Monday, January 24, 2000
Turning tacit into explicit information
Newcomers to the Baldrige award (or to any other process that requires them to explain what they do) struggle most with the need to turn tacit into explicit information. Lots of things get done because 'that's what happens around here.' No-one's though to write down the process, or even to ask, 'why?' The key information about what the organisation does is tacit it's understood, but not explained.
Answering Baldrige questions involves making tacit knowledge and information explicit. Turning the stories about how your organisation works into written-down processes that can be tested, measured, improved ¾ and explained in your Baldrige application.
According to FORTUNE magazine, here's how IBM Global Services makes tacit knowledge explicit 'One of IBM's most complicated tasks is selling global accounts. Big deals, multiyear, multimillion dollar contracts across multiple lines of business. Each deal is different, and each teaches valuable lessons. To get at that tacit knowledge, IBM reassembles the deal teams and videotapes their verbal reconstructions of what happened. Lifted from the tapes and published, the collective narratives are shared as [explicit] corporate best practice.'
A productive way to get what you do onto paper may be to assemble focus groups of key people and 'walk' them through their processes (fancy term process mapping. You can buy software). Every time the descriptions reveal data (records, measurement, better ways of doing things, year-on-year improvements) record them.
In an interesting and often instructive recent book on knowledge management, Verna Allee (The Knowledge Evolution, ISBN 0-7506-9842-X) says that one of the goals of knowledge management is to make knowledge more visible.
This corresponds to an important distinction between tacit knowledge and explicit knowledge, she writes, Tacit knowledge is personal context-specific knowledge that resides in an individual [it] relies on experience, hunches, and insights [on] mental models concepts, beliefs, viewpoints, value sets, and guiding principles that help people define their world. Tacit knowledge also includes a technical element that includes skills and expertise the hands-on experience that comes from practice.
Explicit knowledge, on the other hand, is more formal 'codified' knowledge conveyed from one person to another in systematic ways. Explicit knowledge is conveyed through documents, images, and other deliberate communication processes.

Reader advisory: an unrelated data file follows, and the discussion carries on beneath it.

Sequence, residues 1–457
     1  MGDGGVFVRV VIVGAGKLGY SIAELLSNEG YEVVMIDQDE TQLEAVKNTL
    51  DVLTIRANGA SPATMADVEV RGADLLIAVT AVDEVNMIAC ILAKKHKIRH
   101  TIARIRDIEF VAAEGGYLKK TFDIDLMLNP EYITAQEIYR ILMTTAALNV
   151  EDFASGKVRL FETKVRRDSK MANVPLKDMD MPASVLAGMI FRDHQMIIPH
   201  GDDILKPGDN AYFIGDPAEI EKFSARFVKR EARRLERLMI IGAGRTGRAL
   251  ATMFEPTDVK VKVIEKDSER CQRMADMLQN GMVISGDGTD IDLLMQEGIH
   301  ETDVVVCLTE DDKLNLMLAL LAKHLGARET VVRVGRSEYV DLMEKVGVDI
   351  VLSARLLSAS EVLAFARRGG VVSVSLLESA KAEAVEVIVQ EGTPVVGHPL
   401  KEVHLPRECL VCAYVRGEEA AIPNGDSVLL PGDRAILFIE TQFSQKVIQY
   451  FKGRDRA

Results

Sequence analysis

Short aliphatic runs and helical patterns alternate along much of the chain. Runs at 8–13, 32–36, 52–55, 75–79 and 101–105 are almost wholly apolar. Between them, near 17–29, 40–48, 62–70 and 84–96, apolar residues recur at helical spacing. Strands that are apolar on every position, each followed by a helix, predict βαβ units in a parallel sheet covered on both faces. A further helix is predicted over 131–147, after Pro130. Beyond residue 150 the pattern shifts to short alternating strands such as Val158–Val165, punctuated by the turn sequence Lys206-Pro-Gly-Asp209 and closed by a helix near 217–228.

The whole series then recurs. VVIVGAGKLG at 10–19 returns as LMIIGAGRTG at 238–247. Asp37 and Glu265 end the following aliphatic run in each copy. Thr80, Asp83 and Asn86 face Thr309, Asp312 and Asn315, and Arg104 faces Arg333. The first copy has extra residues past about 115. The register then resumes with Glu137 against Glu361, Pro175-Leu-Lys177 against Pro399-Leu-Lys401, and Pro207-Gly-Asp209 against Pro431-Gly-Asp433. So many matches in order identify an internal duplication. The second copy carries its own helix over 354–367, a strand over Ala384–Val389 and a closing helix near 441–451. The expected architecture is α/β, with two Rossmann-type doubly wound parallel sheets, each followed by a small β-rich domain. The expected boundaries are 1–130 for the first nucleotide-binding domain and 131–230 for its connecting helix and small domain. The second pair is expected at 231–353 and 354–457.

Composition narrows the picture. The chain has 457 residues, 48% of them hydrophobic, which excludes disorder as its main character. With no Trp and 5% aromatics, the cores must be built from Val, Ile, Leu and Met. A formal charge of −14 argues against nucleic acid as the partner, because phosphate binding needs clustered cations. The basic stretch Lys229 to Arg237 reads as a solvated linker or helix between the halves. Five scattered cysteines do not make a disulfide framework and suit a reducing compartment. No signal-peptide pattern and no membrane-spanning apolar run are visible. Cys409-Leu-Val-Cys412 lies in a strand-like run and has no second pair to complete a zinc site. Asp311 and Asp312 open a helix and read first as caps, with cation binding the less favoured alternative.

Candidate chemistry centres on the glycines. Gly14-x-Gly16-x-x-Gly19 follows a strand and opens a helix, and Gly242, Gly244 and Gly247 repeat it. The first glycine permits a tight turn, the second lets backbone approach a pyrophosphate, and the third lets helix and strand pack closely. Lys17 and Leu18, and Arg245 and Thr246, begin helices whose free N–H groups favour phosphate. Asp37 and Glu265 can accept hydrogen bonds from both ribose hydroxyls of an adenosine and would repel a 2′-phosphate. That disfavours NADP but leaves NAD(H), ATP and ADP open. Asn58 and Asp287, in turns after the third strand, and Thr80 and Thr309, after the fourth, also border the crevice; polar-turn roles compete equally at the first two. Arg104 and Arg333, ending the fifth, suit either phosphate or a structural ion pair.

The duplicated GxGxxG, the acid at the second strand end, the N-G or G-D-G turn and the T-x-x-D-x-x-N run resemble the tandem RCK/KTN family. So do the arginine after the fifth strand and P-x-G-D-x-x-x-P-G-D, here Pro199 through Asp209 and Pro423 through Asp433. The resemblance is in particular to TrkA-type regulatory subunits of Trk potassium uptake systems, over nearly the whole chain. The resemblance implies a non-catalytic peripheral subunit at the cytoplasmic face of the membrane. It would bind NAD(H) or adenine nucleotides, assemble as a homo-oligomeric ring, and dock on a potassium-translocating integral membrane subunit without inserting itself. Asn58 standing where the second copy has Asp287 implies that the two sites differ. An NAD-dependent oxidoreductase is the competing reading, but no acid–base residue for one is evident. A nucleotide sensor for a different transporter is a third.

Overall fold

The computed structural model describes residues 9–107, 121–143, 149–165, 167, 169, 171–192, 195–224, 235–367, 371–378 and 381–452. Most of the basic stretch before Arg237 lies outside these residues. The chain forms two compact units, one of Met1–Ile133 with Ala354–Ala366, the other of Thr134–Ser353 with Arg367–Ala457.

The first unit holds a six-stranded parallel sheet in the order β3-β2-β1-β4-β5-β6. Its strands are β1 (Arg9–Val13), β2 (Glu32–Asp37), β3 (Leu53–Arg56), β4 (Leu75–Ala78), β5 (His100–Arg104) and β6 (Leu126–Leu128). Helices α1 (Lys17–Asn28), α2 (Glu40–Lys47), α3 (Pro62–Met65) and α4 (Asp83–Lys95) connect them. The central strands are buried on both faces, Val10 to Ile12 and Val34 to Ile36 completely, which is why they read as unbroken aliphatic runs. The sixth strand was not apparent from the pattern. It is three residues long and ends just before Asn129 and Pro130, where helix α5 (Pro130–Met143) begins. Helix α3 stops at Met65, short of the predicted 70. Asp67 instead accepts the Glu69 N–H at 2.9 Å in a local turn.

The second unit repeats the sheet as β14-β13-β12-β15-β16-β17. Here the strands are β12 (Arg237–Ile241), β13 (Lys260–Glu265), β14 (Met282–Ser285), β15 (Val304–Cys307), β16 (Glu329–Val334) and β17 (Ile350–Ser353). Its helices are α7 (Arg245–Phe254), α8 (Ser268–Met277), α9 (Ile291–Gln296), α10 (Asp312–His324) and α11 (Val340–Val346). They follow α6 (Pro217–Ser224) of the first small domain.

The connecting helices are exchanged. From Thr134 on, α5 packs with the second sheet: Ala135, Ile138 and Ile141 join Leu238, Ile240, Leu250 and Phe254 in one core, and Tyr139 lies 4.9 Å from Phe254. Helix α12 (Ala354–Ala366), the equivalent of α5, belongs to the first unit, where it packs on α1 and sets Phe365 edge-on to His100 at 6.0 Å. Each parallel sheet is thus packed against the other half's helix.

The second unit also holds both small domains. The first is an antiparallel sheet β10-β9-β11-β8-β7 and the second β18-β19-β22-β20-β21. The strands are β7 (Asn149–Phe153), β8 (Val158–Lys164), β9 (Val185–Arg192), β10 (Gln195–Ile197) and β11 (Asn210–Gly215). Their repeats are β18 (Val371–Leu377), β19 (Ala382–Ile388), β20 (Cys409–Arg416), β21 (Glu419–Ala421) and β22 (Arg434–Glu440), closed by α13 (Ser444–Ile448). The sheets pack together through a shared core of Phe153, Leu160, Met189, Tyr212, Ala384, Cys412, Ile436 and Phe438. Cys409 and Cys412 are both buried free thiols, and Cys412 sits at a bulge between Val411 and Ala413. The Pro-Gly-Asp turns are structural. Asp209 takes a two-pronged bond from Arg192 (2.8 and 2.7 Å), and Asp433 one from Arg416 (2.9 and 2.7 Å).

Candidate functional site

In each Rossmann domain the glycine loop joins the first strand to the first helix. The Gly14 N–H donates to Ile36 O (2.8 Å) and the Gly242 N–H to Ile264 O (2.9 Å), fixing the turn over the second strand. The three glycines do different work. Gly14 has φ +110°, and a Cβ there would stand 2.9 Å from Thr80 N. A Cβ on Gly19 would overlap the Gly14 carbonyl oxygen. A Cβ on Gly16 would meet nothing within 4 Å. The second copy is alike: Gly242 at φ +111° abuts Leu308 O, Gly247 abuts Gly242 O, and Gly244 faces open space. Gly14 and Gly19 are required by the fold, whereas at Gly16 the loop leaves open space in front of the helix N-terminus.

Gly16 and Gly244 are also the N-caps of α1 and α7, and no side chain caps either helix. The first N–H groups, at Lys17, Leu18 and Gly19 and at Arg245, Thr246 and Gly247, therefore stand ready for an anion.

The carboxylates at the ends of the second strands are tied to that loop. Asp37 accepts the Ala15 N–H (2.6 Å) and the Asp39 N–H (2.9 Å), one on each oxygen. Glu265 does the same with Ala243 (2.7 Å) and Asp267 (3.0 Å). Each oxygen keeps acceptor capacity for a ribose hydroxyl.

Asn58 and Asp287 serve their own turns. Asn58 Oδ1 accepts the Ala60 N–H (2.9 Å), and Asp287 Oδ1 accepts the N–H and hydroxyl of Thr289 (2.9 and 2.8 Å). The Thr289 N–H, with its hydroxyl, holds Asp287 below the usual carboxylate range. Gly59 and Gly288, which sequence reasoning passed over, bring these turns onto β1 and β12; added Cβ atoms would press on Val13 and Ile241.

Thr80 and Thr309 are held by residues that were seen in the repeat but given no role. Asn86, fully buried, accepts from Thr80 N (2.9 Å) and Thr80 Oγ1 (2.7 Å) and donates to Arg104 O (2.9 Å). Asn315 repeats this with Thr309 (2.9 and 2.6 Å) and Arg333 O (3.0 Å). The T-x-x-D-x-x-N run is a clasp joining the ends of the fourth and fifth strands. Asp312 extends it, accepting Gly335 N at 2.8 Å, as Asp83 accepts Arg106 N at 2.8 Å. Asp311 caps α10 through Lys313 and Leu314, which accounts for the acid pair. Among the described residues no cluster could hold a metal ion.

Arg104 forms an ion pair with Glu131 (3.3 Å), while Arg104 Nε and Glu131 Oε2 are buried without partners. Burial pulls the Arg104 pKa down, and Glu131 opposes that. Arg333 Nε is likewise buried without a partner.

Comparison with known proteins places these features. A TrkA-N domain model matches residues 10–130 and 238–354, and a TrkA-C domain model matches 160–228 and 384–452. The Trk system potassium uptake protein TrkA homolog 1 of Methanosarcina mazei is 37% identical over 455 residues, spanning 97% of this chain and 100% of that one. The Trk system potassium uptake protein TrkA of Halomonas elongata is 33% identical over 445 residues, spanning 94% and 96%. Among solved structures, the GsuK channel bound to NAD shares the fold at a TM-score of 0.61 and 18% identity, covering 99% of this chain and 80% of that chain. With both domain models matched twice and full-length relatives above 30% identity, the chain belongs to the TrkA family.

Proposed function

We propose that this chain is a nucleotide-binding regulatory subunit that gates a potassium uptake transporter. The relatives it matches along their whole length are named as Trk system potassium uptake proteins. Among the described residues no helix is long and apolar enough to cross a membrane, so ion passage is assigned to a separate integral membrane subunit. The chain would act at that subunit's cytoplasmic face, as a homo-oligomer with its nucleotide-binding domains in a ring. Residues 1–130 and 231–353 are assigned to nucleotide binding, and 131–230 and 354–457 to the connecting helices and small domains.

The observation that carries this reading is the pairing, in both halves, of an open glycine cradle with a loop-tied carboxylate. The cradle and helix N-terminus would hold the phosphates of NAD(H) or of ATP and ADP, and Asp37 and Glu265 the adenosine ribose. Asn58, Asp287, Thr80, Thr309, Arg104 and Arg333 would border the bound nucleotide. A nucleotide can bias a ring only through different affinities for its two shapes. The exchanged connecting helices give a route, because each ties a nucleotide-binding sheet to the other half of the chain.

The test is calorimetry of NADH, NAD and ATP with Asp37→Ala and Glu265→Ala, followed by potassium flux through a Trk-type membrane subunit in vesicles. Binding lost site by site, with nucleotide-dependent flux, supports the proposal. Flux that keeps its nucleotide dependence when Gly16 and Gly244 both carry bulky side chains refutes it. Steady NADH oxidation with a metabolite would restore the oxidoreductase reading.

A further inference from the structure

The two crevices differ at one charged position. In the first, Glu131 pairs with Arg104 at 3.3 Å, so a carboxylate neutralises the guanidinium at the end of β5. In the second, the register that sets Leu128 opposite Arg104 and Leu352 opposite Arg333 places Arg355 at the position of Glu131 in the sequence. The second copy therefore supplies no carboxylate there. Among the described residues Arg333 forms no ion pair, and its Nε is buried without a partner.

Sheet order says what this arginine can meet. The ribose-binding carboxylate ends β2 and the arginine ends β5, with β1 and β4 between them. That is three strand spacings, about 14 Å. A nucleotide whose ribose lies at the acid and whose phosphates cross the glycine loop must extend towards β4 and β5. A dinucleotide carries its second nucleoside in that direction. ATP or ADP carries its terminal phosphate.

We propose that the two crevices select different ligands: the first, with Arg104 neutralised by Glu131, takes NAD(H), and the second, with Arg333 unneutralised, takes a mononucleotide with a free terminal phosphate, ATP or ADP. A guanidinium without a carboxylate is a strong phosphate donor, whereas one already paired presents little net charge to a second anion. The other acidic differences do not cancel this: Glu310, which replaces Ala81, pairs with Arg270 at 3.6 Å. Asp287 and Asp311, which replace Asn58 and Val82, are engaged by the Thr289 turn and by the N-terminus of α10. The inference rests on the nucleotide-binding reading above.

For some help turning tacit into explicit information, click on 'writing a Baldrige application,' on the Baldrigeplus welcome page.
Five minute master class
Public responsibility and citizenship
Baldrige category 1.2 (Describe how your organization addresses its responsibilities to the public and practices good citizenship), asks in 1.2a(1) for details about impacts on society. If this is a subject you're contemplating (for whatever reason) take a look at pp 15 and 16 of the Jan-Feb 2000 issue of the Harvard Business Review, where a sidebar on Green Reporting outlines how Bristol-Myers Squibb and Royal Dutch/Shell (along with 35% of the world's 250 largest corporations) now issue environmental reports.
Author Ans Kolk explains that voluntary green reporting is becoming more common because it makes good business sense, promotes discipline, reduces risk, and creates positive PR. Green reporting is a plus in the battle for talent, is popular with customers and investors, and helps identify cost savings and new business opportunities. But it's likely to be a novelty, and hard to get under way. Help is available from The Global Reporting Initiative (ask Ans Kolk at firstname.lastname@example.org for more detail, or go to the GRI site for 'structured but flexible guidelines.'
Bristol-Myers Squibb has adopted the GRI guidelines and posts a frequently updated report on its corporate web site with environmental policies and systems, a discussion of stakeholder issues, performance reviews and 'an overview of the environmental sustainability of its business. That's an approach that would score good category 1.2 points in any Baldrige assessment.
Royal Dutch/Shell goes a step further, using external auditors and an assertive approach for squeaky-clean green reporting that has turned an environmental pariah into a green trendsetter. Is this best practice ? On a scale of one to ten (where Shell might be an eight), how does your organisation score?
Your newsletter editor is promoting a new awards scheme in his district. Almost all potential applicants will be small (less than ten people), with no previous experience. Brings the issue of 'barriers to entry' into sharp focus why don't more organisations apply for their local, city, state or national awards?
Here's the two-page summary of the Baldrige-derived criteria that this local scheme will use. Will this work, is it useful, have you tried something similar?